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Infographic: What makes an OPPD troubleshooter?

March 26, 2018 | Paula Lukowski | infographic, OPPD employees, T&D

When an OPPD service truck rolls down the street, rest assured that the crew inside is working to keep your power on.

Take an OPPD troubleshooter, for example.

Their role is to respond to emergency outages and calls for service. They identify problems and make repairs or arrange for repairs by line technicians, underground crews or other specialized personnel.

Here are six things customers may want to know about what goes on when restoring power outages.

  1. Safety matters always. Working around power equipment poses dangers, but workers receive continuous training on how to do the job safely. They wear personal protective equipment, make sure their surroundings are safe – for themselves and nearby customers — and maintain communication with dispatchers who oversee the transmission and distribution systems.
  2. Lines of communication stay open. In addition to talking with the dispatcher, crews talk to each other and to customers who may have seen or heard something that may help with the restoration work.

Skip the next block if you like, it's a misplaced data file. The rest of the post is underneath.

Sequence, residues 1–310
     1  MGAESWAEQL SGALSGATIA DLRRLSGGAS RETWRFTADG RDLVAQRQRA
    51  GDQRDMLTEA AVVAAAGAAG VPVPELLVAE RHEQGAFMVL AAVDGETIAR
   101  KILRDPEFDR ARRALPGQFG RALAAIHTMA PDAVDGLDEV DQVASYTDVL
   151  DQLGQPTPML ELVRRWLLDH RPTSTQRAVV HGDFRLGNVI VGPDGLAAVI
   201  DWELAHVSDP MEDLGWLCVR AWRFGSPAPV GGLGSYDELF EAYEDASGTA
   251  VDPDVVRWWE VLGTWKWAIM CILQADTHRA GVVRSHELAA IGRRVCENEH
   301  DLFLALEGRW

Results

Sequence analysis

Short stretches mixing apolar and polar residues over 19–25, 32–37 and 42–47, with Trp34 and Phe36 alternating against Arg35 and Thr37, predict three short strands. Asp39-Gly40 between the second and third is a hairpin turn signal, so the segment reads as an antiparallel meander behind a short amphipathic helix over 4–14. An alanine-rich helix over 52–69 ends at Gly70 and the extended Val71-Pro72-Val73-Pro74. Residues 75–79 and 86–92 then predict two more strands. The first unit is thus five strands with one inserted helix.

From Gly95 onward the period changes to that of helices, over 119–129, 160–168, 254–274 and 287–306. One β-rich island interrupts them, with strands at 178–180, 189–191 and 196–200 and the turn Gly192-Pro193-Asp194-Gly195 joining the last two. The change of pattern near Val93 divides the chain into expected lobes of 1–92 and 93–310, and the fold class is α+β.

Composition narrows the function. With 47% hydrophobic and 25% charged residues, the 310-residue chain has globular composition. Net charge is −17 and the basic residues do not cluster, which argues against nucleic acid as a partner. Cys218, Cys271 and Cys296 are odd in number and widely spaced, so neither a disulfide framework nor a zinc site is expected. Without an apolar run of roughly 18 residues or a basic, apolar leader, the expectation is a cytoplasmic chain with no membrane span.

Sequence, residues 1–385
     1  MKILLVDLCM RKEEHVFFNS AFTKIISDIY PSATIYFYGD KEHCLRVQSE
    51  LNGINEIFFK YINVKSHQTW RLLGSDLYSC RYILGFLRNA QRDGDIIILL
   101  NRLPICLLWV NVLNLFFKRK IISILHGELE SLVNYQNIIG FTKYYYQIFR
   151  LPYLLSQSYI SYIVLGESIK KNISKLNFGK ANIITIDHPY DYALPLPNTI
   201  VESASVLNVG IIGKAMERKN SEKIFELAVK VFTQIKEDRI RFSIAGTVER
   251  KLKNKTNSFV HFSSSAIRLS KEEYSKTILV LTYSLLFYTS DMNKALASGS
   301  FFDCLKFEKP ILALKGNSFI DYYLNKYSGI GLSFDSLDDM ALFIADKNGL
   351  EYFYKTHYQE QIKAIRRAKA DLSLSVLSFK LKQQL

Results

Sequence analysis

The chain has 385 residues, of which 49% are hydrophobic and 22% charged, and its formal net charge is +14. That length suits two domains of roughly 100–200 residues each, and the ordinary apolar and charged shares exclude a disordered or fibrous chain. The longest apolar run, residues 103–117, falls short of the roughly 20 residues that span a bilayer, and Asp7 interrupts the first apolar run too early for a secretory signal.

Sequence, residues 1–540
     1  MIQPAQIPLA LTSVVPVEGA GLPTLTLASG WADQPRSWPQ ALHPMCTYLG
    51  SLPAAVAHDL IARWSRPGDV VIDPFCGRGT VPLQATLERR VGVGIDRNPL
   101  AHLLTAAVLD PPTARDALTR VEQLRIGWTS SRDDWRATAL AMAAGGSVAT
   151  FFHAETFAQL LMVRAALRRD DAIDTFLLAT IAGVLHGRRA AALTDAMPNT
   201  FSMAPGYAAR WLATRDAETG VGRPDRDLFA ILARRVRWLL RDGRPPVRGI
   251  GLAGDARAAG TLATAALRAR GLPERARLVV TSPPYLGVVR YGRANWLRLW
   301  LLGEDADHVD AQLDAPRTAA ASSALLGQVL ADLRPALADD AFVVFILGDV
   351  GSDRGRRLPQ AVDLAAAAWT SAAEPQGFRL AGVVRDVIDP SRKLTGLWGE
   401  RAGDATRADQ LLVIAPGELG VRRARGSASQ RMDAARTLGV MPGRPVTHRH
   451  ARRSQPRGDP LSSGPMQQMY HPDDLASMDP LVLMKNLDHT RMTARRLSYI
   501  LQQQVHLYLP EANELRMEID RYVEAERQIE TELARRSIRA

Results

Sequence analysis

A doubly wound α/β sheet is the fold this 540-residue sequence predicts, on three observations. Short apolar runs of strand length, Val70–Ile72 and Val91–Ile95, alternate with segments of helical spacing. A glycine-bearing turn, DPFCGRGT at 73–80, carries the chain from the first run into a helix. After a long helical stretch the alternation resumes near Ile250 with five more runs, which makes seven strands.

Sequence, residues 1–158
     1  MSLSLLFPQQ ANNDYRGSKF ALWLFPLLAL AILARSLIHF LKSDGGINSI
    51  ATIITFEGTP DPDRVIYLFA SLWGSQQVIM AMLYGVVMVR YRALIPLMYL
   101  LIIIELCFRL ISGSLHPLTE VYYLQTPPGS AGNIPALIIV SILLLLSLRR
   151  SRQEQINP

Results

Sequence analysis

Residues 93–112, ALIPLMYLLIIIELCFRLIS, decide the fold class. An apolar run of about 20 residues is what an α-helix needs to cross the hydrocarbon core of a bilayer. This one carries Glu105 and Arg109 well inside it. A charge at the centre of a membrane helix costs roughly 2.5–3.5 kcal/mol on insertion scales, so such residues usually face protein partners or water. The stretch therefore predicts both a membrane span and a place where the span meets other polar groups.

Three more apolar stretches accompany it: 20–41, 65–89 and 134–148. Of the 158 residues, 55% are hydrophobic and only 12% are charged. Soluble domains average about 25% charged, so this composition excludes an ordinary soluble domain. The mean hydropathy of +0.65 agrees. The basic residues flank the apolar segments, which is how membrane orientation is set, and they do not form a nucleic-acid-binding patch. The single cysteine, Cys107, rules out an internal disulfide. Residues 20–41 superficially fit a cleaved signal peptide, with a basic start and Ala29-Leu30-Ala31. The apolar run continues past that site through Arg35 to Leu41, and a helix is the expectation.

3. Detective work plays role. The electrical system is complex. When an outage occurs, it sometimes takes some cunning detective work to track down the root cause. For instance, the troubleshooter may have to go from transformer to transformer to see where the failure occurred. Once the problem is found, the worker may have to isolate part of the system to do repairs, then go back to check or reset equipment – and make sure the lights came back on.
  4. Customer needs count. Troubleshooters want to make sure customers have power to live their lives. They know what electricity means to their families, and they relate to customers. Why else would these workers want to work in all types of extreme weather?
  5. Access to equipment speeds up work. Sometimes, the troubleshooter may have to go through many backyards to find the problem. Debris or overgrown landscaping that blocks the equipment slows repair work and poses a hazard.
  6. Trees in lines cause problems. Limbs fall and bring down lines or brush against the power lines and disrupt service. From 2012-2016, trees accounted for 19 percent of OPPD’s known power outage causes. Customers can help by not planting trees directly under power lines and by considering the mature height of trees when planting near power lines.



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About Paula Lukowski

Paula Lukowski has more than 34 years of corporate communications experience. By far, her favorite aspect of that role has been profiling the great work done by OPPD employees and retirees. Paula and her husband, Mark, have two grown children, Rachel and John, a son-in-law, Josh, and two grandsons.

View all posts by Paula Lukowski >

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